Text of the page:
Orkney-Scotland Map

Map of Scotland – Orkney Isles & Kirkwall at the top

I publish below just a few of my photographs taken in the cathedral when I visited in 2010.  They are in the form of a slide show, the picture changing every few seconds.

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Easter, Love & Cricket

Three RICTAMETERS

A Rictameter is a fixed-syllabic poetry form, similar to the Haiku and the Cinquain   ( Click here See my own cinquain in an earlier blog.  ).  The rictameter starts with a two-syllable word as the first line.  Then the line length in syllables is consecutively increased by two, i.e. 2, 4, 6, 8, 10.  Then down again, from 8, 6, 4, 2.   The final of the 9 lines is required to be the same two syllable word as in the opening line.

The format was created in the early 1990s by two cousins, Jason Wilkins and Richard Lunsford, for a poetry contest that was held as a weekly practice of their self-invented order, ‘The Brotherhood of the Amarantos Mystery’, which was apparently inspired by the Robin Williams film ‘Dead Poet’s Society’.

I have attempted three versions of this format below . . .


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EASTER

Absolve
The human race
Release them from their sins
Forgive them their indiscretions
Instead torment me on that cruel cross
That I might thus remind them all
That God our father loves
And all our sins
Absolves.

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LOVE

Love hurts
It burns the soul
From lust to jealousy
It does not let up from that pain
So put alongside with its times of bliss
The memories of anguished dread
When all seemed to be dead
All reason says
Love hurts.

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straight bat

CRICKET

Cricket
Keep a straight bat
All that they throw at you
Face up to it with fortitude
Don’t be average be an all-rounder
And when it’s time to pull up stumps
Try to carry your bat
Don’t declare, that’s
Cricket.

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Snowdrops

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SNOWDROPS

The snowdrops are alive beside the dead,
In the midst of death they are in dazzling bloom,
Whilst he whose grave they now with grace adorn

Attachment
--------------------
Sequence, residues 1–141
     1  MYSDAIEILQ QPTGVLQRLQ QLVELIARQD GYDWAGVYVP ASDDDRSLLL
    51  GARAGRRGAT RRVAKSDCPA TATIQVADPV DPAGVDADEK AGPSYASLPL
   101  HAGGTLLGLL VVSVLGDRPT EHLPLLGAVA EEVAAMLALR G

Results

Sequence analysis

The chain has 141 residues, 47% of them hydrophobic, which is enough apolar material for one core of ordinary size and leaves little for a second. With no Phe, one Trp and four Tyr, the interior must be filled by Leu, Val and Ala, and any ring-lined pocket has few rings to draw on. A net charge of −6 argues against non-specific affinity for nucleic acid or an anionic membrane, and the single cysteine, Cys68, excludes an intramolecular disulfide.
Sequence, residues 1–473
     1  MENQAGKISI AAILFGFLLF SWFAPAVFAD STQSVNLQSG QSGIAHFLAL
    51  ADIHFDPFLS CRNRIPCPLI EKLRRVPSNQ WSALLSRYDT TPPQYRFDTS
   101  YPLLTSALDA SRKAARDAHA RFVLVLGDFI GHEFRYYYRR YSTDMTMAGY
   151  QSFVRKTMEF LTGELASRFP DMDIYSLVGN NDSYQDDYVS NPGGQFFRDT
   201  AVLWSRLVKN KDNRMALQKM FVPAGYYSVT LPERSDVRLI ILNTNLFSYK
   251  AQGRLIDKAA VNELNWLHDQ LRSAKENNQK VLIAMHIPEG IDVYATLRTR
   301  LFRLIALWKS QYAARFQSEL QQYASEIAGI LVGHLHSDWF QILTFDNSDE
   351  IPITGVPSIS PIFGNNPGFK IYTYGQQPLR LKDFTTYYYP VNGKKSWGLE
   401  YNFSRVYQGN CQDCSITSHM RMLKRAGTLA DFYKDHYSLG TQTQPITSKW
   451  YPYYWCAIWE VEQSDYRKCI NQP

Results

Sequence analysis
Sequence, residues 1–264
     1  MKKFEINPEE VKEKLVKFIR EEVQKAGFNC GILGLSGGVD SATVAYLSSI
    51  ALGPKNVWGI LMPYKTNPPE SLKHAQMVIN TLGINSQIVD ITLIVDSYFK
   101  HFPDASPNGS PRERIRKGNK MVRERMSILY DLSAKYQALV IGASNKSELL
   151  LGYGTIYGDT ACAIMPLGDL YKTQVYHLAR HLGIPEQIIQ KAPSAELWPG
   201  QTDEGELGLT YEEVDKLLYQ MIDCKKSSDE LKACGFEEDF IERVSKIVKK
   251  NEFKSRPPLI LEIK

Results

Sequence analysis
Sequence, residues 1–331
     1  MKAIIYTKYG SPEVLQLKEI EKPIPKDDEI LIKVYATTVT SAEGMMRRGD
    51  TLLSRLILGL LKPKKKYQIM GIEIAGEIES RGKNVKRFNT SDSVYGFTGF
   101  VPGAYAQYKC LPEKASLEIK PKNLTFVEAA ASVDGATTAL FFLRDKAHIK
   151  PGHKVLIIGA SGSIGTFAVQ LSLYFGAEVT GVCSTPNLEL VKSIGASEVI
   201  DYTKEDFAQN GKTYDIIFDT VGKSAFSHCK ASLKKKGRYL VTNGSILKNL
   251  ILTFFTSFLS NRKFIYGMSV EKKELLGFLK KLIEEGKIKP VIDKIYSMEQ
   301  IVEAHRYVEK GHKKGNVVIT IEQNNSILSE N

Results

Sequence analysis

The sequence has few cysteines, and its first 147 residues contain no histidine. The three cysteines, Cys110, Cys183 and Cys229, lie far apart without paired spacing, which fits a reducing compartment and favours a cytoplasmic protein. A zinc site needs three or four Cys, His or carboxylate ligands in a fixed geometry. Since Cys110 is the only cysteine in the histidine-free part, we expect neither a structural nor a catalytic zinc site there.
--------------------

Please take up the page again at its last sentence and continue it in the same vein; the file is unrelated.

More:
Feeds on their sweetness from his long-time tomb.

They in their turn have derived life from him,
Their vibrance and their colour owe him much.
His bones, his ashes now repay their debt,
As death withdraws its unremitting touch.

And thus his ancient decomposed remains
Return to life as snowdrops in due time,
And seek to adorn my table once again,
As beauteous now as he was in his prime.

And when those snowdrops fade away and die
Their wholesome goodness will my soil replenish;
Then once again the cycle will repeat,

Nature affirming life will never perish.

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Both photographs taken in a Surrey churchyard . . . WHB – Jan.2017

Caedmon’s Hymn

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Caedmon remained, throughout his life, unable to record his own verse in writing.  This many others did for him and these were collected and published for others to read, sing and recite. However, it is not possible to be certain of how authentic many of these are, chiefly because Caedmon’s original poems may well have suffered in their many translations, some being from the Latin, which were themselves translations of Caedmon’s Old English.

In fact only one short nine-line verse remains which, because it is given to us by Bede, we can be certain was Caedmon’s creation.  This is the hymn which he first wrote, and which came to him in his inspirational dream.  I give this below, both in its original Old English and in its translation into modern English . . .

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Caedmon’s Hymn in Old English and its modern translation (excerpt from The Earliest English Poems, Third Edition, Penguin Books, 1991):

Nu sculon herigean heofonrices Weard,
Meotodes meahte ond his modgeþanc,
weorc Wuldorfæder; swa he wundra gehwæs
ece Drihten, or onstealde.
He ærest sceop eorðan bearnum
heofon to hrofe, halig Scyppend:
þa middangeard moncynnes Weard,
ece Drihten, æfter teode
firum foldan, Frea ælmihtig.

Praise now to the keeper of the kingdom of heaven,

the power of the Creator, the profound mind

of the glorious Father, who fashioned the beginning

of every wonder, the eternal Lord.

For the children of men he made first

heaven as a roof, the holy Creator.

Then the Lord of mankind, the everlasting Shepherd,

ordained in the midst as a dwelling place,

Almighty Lord, the earth for men.

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Caedmon’s Hymn is the oldest recorded poem in Old English, and illustrates, though so not clearly in translation, an example of Anglo-Saxon alliterative verse.  Seventeen manuscripts still exist with copies of this hymn, with minor variations, some in a variety of different Old English dialects, others in Caedmon’s own Northumbrian dialect.   These verses in fact established the methodology for most poets who followed him and powerfully exemplify the whole art of Anglo-Saxon poetry.bar152

This final passage I quote from:  http://www.encyclopedia.com/

‘All of his poetry was on sacred themes, and its unvarying aim was to turn men from sin to righteousness. In spite of all the poetic renderings that Caedmon supposedly made, however, it is only the original dream hymn of nine historically precious, but poetically uninspired, lines that can be attributed to him with confidence.’